Coffman invites constituents to tune in
'America speaking out' debuts at town hall meeting
By Leslie Jorgensen
In this age of increasingly faster communication, not all American voices are being heard. Republicans in Congress think their constituents’ opinions and suggestions have been drowned out by the noise of Democratic activists backing the majority party’s agenda in Washington, D.C.
On June 2 in Littleton, Republican 6th District Congressman Mike Coffman unveiled “Speaking Out,” encouraging constituents to make suggestions on legislation and policies.
Photo by Leslie Jorgensen/The Colorado Statesman
To turn up the volume for Coloradans in the political conversation, 6th District Congressman Mike Coffman introduced the House Republican Conference’s new online communication tool — “America Speaking Out” — at a town hall meeting on Wednesday evening at the Ken Caryl Baptist Church in Littleton.
“This new initiative is about doing what Washington has not been doing — that is following the will of the people and listening to what you have to say,” said Coffman.
He said that the Web site is also designed to solicit voters’ solutions and encourage the exchange of ideas and opinions — regardless of party affiliation. Suggestions are reviewed by visitors, who also can add comments, with “thumbs up” and “thumbs down” ratings.
The site does not reveal names or e-mail addresses; however, it does allow members of Congress to view the comments posted by voters across the country or within their district. It also tracks voters’ opinions of the most critical issues facing the country.
The most pressing issues now, Coffman said, are concerns about the “growing debit and extraordinary deficit spending.” If the trend continues, he said, it will implode into a larger problem — and adversely impact the defense budget.
After a demonstration of the AmericaSpeakingOut.com Web site, Coffman opened the floor for comments or suggestions from more than 60 constituents attending the town hall meeting.
Most of them voiced concerns about the needs to improve the economy, increase jobs and secure the borders.
Of the latter, Coffman said that neither President George W. Bush nor President Barack Obama “has had the will to secure our borders. It’s very disappointing.”
Coffman said that he supports Arizona’s new law to thwart illegal immigration.
“Our economy sucks right now,” said a man, who lives in Centennial and works for a mechanical contractor.
“The number one issue is the need for jobs,” he declared and asked that the government do more to keep that pressing topic alive in the media that seems “distracted” by other crises such as the oil spill in the Gulf of Mexico.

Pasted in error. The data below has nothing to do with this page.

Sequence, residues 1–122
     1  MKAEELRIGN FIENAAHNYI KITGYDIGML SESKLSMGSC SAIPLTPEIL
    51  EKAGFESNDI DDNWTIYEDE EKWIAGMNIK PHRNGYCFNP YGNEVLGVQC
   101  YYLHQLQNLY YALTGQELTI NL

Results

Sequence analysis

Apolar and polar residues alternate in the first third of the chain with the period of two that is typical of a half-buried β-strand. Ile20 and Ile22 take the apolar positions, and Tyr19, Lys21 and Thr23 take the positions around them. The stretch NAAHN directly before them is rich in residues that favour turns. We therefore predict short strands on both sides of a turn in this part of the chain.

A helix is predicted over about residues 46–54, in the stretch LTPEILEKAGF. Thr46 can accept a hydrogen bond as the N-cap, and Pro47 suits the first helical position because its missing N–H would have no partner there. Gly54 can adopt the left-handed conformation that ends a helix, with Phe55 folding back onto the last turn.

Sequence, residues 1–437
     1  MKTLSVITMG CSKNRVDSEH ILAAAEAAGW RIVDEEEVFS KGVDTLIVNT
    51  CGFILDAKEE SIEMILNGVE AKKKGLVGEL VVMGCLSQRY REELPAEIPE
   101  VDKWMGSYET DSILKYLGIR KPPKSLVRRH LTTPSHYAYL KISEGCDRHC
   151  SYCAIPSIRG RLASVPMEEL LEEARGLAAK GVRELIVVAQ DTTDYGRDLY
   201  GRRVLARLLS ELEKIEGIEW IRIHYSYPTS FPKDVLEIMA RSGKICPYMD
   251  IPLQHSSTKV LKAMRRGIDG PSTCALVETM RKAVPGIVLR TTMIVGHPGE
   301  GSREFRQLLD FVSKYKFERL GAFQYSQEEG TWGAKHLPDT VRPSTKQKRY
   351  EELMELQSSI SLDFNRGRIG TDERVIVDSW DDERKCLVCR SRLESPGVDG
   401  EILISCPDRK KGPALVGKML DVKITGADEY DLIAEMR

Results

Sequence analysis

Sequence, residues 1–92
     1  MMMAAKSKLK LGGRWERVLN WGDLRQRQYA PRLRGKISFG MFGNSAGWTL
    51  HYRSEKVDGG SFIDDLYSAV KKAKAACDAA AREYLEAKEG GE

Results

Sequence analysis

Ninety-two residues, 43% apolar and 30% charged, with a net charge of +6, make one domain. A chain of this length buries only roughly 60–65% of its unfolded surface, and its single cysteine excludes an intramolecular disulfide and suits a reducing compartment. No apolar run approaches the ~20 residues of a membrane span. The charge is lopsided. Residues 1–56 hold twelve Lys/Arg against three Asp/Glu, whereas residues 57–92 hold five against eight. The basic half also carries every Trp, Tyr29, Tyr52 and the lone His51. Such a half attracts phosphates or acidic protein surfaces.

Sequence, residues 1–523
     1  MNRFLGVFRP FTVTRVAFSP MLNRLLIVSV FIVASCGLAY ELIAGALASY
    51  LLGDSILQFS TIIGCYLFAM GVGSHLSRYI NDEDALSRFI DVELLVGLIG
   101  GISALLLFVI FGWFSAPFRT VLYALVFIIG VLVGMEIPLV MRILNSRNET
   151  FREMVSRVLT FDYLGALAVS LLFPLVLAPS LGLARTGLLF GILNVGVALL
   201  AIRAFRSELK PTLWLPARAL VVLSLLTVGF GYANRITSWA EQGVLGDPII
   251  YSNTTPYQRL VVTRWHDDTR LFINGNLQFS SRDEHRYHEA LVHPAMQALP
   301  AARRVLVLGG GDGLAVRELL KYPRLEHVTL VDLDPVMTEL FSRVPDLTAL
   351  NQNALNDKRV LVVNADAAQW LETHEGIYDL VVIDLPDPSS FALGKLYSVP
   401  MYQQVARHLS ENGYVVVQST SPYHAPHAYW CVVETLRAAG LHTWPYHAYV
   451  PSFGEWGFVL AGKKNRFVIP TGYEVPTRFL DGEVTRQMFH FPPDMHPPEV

That comment led to a brief but animated discussion about job creation. The majority of folks said they are adamantly opposed to creating more government jobs, but they support generating employment opportunities in the private sector. Coffman agreed, and said that’s the only way to revitalize and strengthen the economy.
The suggestions were added to the list of town hall goers’ concerns and ideas that were written on a large tablet propped on an easel on the church alter.
Gerald Jones of Aurora called for an audit of the Federal Reserve.
“We have no idea what’s going on behind these closed doors,” said Jones of the Federal Reserve that has been exempt from audits under the U.S. Code.
Coffman said that he’s a co-sponsor of a bill introduced by Texas Congressman Ron Paul that would require the Government Accountability Office to audit the central bank before the end of the year.
“I have a concern about open communications in America,” said Kathy Holderith of Ken Caryl Valley North Ranch. She called for ensuring the First Amendment rights of free speech on the Internet, radio, television and phones.
Holderith was concerned that The Fairness Doctrine, which required broadcasters to present opposing views of an issue, might be revived and proposed in legislation. The doctrine was a policy of the Federal Communications Commission from 1949 until 1987, when it was abolished. House Speaker Nancy Pelosi reportedly voiced support for reinstituting the doctrine; however, Obama has voiced opposition to it.
Coffman said he would oppose government intrusion of the free flow of information and commerce that could lead to an “abuse of power.”
Past lawsuits contesting the doctrine have been viewed differently; however, the Supreme Court ruled that the doctrine violated free speech. (The doctrine is separate from the Equal Time rule that requires media to give equal time to opposition candidates in a political race.)
The constituents’ list of suggestions included eliminating federal taxes on phones, passing a balanced budget amendment and a deadline to balance the federal budget, exploring and expanding technology for alternative energy sources, separating commercial banking from investment banking, creating a fair playing field for foreign trade and providing incentives to keep jobs in America rather than being lost to countries abroad.
It was also suggested that the Congressional Budget Office allow the minority party to challenge the assumptions of financial impacts made by the majority party.
This was the first in a series of Coffman’s town hall meetings — and one of many being held by members of Congress in their districts.
Constituents who go can share their views with Coffman, and appear individually on camera to air their thoughts on America Speaking Out’s Web site.
“I strongly encourage every Coloradan to participate,” said Coffman, who also seeking re-election.